Price of Affluence

A blessed nation

The Pope's Children is David McWilliams inspired title for his account of the generation in waiting to take over the reins of government, business and the professions. Conceived during the visit of Pope John Paul II to Ireland, it is the most exotic generation since the flight of the Wild Geese.

Included are Kells Angels, the first long distance commuters, alternatively known as Dulchies, Dubliners living in previously culchie areas, Destiny's Children, their wealthy ambition driven offsprings, JAPs – Jarred Annabels Princesses and RoboPaddies, intent on buying up all the available property in Europe.

McWilliams dissects and examine their entrails in the manner of an anthropologist describing the mating rituals of an African tribe. He writes better than economists are normally allowed and has a talent for soundbytes that makes a tabloid sub-editor seem as restrained as an Irish Times leader writer and therein lies a problem.

We are swept so fast on a current of often hilarious vignettes that we lose sight of whether he has a real contribution to make. Is McWilliams a Nancy Mitford, guiding us through the trivia of what's U and non-U in 21st century Ireland, or a latter-day Alexis de Tocqueville, providing a serious critique of our brave new world.

The first part of the book argues that the prosperity of the last decade has made us all more middle class; the Wonderbra effect, pushing us upwards and closer together.

Contrary to the views of the official commentariat; middle aged curmudgeons pining for the 1960's who will use any old excuse to criticise the new Ireland, we have reduced not increased inequality and our prosperity is fuelled by our addiction to property, facilitated by our ability to borrow from the EU and not just Ireland.

This is a fairly breathtaking analysis and it seems to ignore what was the key factor driving our economy, so many overseas companies investing here. Not convinced that inequality has been reduced, anecdotal evidence would suggest the opposite.

A government report states that the number of people below 60 per cent of the median income increased by almost half between 1994 and 2003, from 16 per cent to 23 per cent. We can become more middle class and still have a more unequal society.

McWilliams has great fun with our property obsession, which he diagnoses as an addiction… “we are the world of Irish property porn-the real hard-core only appears on Thursday and embarrassed subscribers can have it discreetly delivered to the door for a small fee – this is top shelf material – it is The Irish Times property section”.

He quotes from a thesis on booms and their aftermaths involving a seven-stage cycle and claims we are nearing the end and in deep trouble. He makes a surprising link between Ireland in the early 21st century and Dubrovnik in the early 17th century, saying Ireland is really a city state attempting to straddle two horses, Europe and the US and that if these two horses began to move in opposite directions we could be in trouble. It is an angle well worth pursuing but he leaves it hanging in mid-air.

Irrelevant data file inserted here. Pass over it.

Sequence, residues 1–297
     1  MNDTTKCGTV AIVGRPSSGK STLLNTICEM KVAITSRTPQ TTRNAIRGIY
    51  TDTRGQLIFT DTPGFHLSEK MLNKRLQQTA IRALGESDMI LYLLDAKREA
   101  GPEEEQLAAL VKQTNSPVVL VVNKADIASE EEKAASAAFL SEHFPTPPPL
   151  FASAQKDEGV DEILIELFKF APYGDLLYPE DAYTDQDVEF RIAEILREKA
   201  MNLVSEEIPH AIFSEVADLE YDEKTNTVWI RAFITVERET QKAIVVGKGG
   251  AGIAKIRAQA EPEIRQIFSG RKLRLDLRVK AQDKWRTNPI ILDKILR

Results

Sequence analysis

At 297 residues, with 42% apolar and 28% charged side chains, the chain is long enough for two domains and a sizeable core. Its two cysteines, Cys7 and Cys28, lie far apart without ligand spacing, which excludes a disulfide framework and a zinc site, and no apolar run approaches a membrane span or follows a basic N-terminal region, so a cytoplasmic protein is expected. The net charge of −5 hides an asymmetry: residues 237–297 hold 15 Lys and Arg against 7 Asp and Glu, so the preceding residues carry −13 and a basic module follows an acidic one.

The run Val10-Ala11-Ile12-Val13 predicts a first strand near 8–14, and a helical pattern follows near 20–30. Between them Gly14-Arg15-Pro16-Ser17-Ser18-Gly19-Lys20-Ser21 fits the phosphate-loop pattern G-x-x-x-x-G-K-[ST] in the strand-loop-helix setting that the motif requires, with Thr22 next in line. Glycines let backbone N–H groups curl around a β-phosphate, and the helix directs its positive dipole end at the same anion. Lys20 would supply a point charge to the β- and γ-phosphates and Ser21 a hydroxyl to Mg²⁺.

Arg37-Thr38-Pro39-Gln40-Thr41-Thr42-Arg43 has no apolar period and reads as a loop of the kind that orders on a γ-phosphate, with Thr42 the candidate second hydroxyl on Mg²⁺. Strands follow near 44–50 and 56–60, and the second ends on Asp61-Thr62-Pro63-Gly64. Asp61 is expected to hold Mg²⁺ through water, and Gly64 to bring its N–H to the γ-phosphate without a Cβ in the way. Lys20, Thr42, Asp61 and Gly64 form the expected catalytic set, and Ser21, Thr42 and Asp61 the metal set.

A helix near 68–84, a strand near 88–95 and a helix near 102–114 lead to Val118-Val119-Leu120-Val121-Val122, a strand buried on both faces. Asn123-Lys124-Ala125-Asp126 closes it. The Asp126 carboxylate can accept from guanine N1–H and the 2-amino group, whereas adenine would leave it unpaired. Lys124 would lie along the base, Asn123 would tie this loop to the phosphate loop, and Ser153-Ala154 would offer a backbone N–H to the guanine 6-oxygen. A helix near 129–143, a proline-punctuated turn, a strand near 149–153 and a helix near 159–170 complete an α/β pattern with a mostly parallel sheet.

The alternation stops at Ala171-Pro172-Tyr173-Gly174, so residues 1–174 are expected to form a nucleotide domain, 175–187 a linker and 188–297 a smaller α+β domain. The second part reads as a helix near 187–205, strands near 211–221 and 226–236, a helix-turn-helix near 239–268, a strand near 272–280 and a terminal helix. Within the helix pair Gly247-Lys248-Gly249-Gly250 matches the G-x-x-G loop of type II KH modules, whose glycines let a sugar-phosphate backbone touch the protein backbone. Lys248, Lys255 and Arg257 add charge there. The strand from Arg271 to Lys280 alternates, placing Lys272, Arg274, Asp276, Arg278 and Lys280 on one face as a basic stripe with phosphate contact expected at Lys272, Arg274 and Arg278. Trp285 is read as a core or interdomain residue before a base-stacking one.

Part two of the book presents a more unified argument and may be of interest to those in marketing communications. It deals with the titanic struggle for the soul of the nation between the Decklanders and the HiCos. The former are the quintessential beneficiaries of the boom, Charlie McCreevy's angels, quite content to wallow in the material goods that economic prosperity has delivered.

HiCos believe that in the mad rush to enjoy the fruits of globalisation we have lost our sense of identity and any vestige of the transcendent or the spiritual. Where the Decklanders couldn't give a fiddlers, the HiCos are racked with doubts.

They compensate by searching for the most obscure, authentic Gaelic names for their children, sometimes getting the gender mixed up in the process, sending them to the bourgeoning gaelscoileanna and eschewing 'bling' for Avoca Handweavers.

McWilliams is at his best in his analysis of the Irish caste system. It has always been one of our most outrageous self-delusions that, unlike the UK, there are no class distinctions in Ireland. There are, they're just more subtle, so subtle that the parvenus of D4 still haven't grasped the distain they evoke among the real elite of D6.

The 'yummy mummies' of Ranelagh and their pretend affection for using the cupla focal is all too painfully accurate. The book doesn't provide any breakdown on the two groups, but it seems the Decklanders form a big majority.

Assuming we remain economically well-off, a forecast most commentators seem to be agreed on, it's a safe bet that HiCos will expand and Decklanders contract. This would have huge implications for all consumer markets.

Not alone are purchasing patterns quite different for each group but they are likely to respond to different messages. Interest in the two groups should widen and as the next election nears, political strategists may also become interested.

If Decklanders represent classic FF heartland the election will be a battle for the expanding HiCos vote. FG and the Greens are 'suspect' on the language question, the PDs are too wedded to materialism, Labour are too frightened, which leaves… Tiocfaid Ar La. Remember where you read it first.

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